While you can manually review every backlink your website has, this will take a long time. You need to take advantage of SEO tools to speed up the process.
There are two tools that I use for this job:
The Backlink Blacklist is a database made up of over 60,000+ blacklisted domains.
Simply copy and paste all of your backlinks into the tool and it will tell you if any of them are blacklisted.
You can even see the reason why it was blacklisted with proof!
Next is Monitor Backlinks. Signup for the Monitor Backlinks free trial and get Monitor Backlinks to crawl your backlink profile.
This is the best tool for creating a list of links to disavow.
If a backlink isn’t in Google’s index, it could be a brand new site or has been banned due to a Google penalty.
You don’t want these links pointing at your website.
In Monitor Backlinks, click on ‘Filters’ and click “Domain and Page not indexed”.
This will bring up all of your backlinks from websites that aren’t in the Google index.
Add a tag to these links by clicking on the settings icon on the right side. Use a tag like “remove” to easily find them later.
Next, you need to check for links that have no authority.
Click on ‘PR’ and then choose to view only domains with PageRank 0.
Tag each of these links with the same “remove” tag as before.
Now filter each of your links by domain authority. You want to choose links with a Domain Authority of 10 and below.
Tag these as well.
There’s no secret that Google hates backlinks from blog networks.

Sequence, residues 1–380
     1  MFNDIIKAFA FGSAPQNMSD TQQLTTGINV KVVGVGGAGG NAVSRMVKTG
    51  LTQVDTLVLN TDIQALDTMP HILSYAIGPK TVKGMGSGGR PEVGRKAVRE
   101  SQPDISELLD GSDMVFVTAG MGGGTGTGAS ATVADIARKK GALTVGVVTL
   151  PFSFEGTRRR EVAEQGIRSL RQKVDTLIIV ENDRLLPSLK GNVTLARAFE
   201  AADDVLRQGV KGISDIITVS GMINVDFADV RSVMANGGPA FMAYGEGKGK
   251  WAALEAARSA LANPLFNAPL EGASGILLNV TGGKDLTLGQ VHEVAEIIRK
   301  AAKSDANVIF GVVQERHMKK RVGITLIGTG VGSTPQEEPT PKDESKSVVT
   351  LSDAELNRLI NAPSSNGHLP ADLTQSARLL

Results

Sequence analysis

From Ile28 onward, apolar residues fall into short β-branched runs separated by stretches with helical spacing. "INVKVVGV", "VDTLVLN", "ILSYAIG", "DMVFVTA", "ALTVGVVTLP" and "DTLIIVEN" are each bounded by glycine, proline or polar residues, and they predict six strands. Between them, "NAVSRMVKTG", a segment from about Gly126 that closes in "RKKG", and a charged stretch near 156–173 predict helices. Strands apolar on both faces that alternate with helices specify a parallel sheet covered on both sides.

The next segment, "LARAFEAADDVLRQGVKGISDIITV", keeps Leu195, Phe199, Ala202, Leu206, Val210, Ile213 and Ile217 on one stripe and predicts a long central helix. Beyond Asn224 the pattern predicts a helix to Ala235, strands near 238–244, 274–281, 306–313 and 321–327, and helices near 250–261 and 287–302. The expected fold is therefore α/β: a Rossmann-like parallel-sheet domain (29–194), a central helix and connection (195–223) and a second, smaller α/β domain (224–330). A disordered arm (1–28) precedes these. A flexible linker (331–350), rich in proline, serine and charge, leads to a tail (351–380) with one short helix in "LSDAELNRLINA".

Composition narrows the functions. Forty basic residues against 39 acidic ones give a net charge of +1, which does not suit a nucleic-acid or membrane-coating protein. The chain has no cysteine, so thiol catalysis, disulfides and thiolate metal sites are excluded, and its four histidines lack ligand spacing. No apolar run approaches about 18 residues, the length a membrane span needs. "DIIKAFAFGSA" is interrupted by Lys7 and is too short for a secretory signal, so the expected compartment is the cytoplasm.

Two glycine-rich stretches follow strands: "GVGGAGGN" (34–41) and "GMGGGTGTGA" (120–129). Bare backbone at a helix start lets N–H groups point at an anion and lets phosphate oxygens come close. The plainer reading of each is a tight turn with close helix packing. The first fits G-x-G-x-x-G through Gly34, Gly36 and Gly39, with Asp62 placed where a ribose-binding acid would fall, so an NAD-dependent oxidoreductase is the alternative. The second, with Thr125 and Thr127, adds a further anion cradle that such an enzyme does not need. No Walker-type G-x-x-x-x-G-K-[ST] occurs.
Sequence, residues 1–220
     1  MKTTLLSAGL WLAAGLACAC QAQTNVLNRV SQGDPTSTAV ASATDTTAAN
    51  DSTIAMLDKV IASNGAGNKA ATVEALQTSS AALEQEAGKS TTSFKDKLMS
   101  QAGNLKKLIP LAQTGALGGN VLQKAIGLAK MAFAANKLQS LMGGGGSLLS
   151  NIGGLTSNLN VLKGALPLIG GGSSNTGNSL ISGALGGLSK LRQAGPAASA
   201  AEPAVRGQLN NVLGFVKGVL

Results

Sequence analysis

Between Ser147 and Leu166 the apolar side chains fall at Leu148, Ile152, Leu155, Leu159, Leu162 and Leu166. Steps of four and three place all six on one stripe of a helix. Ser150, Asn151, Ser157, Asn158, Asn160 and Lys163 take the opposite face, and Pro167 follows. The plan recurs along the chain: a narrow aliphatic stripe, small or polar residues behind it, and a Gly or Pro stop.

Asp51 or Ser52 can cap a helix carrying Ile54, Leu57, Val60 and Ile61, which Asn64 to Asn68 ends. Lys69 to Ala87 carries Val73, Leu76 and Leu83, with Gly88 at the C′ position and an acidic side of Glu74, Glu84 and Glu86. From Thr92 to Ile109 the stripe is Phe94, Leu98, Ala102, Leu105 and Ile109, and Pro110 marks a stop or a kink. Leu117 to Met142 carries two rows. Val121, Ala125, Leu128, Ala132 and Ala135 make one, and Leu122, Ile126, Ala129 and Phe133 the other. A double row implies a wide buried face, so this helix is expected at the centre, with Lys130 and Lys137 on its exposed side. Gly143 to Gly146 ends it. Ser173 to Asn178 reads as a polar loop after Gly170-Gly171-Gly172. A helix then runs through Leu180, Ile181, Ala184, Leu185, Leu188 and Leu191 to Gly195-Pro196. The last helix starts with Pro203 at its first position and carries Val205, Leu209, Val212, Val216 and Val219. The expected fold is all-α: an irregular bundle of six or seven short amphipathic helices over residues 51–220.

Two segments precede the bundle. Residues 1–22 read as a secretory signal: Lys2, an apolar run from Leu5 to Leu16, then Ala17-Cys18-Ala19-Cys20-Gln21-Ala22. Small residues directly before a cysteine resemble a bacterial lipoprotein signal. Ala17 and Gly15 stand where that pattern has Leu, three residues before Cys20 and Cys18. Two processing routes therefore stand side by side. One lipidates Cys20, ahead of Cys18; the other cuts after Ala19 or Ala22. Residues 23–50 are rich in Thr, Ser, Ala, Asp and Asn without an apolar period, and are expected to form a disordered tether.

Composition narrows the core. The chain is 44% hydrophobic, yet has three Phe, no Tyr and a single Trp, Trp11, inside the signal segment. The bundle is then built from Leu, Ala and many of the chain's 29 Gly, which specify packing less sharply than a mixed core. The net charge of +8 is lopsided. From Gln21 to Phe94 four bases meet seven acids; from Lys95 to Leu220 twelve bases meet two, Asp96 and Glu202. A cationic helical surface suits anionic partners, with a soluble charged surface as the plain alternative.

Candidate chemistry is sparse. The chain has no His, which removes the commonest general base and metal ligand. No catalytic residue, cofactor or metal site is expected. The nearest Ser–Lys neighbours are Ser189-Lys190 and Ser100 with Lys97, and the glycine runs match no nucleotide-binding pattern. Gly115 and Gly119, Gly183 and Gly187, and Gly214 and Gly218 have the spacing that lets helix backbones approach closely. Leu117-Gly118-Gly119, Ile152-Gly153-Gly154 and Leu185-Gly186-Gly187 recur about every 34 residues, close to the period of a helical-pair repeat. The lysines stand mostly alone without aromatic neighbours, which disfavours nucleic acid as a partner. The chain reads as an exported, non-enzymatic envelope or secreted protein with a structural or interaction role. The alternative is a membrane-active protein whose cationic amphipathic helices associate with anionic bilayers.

You want to get these out of your backlink profile as quickly as possible. If you have a big site, you may have even experienced a negative SEO attack.
Disavowing links will help protect your SEO and fend off the negative SEO attack.
Find backlinks from blog networks or websites using the same hosting IP by checking the ‘IP’ column.
You can see that the number in the image indicates how many backlinks the website has from that unique IP.
This is very likely to be a blog network.
A top-level domain (TLD) can be a great way to remove bad backlinks.
If you run a local business website in the UK and have tons of backlinks from sites located in India, Pakistan, or Russia – this could cause a problem. From Google’s perspective, it doesn’t make sense to have these links in your backlink profile.
Use Monitor Backlinks to filter each link by TLD. Tag the links that need to be disavowed.
If you haven’t already, download the link building checklist.
Ideally, you want to compare each link you tagged with “remove” to this checklist. It’s always a good idea to manually review links before disavowing them.
That way you can be confident that you are only removing bad backlinks.
Monitor Backlinks makes it easy to create a disavow list to upload into Google Search Console.
Select the backlinks you have tagged with “remove” and click “With Selected”, then “Disavow Domains”.
This will create a disavow report with all the backlinks you have tagged to remove.
Head over to the Google Disavow Tool and select your domain from the property list.
Now you’ll need to upload the .txt file you created with Monitor Backlinks and wait for Google to process the list.
It can take Google anywhere from a few days to 2-3 months before they start disavowing links. There are a number of factors that will determine how long it takes.
Generally, you should start to see the effects of link disavow within 1 month.
If you are suffering from negative SEO attacks or spammy links damaging your rankings, it’s worth hiring a specialist SEO agency to handle it for you.
There you have it.
A step-by-step process on how to disavow backlinks.
Use the 3x steps above to quickly disavow links that are hurting your website SEO or could cause some damage in the future.
This will keep you in Google’s good books and your website SEO strong in the long run.